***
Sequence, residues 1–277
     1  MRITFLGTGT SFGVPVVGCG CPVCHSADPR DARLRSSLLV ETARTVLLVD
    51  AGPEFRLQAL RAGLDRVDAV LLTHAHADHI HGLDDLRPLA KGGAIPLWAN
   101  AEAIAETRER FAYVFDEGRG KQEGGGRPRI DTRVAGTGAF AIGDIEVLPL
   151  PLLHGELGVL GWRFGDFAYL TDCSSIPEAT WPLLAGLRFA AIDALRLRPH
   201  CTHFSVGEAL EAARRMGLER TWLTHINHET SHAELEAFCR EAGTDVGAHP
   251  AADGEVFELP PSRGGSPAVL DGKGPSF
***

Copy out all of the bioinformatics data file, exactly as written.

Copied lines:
Sequence, residues 1–277
     1  MRITFLGTGT SFGVPVVGCG CPVCHSADPR DARLRSSLLV ETARTVLLVD
    51  AGPEFRLQAL RAGLDRVDAV LLTHAHADHI HGLDDLRPLA KGGAIPLWAN
   101  AEAIAETRER FAYVFDEGRG KQEGGGRPRI DTRVAGTGAF AIGDIEVLPL
   151  PLLHGELGVL GWRFGDFAYL TDCSSIPEAT WPLLAGLRFA AIDALRLRPH
   201  CTHFSVGEAL EAARRMGLER TWLTHINHET SHAELEAFCR EAGTDVGAHP
   251  AADGEVFELP PSRGGSPAVL DGKGPSF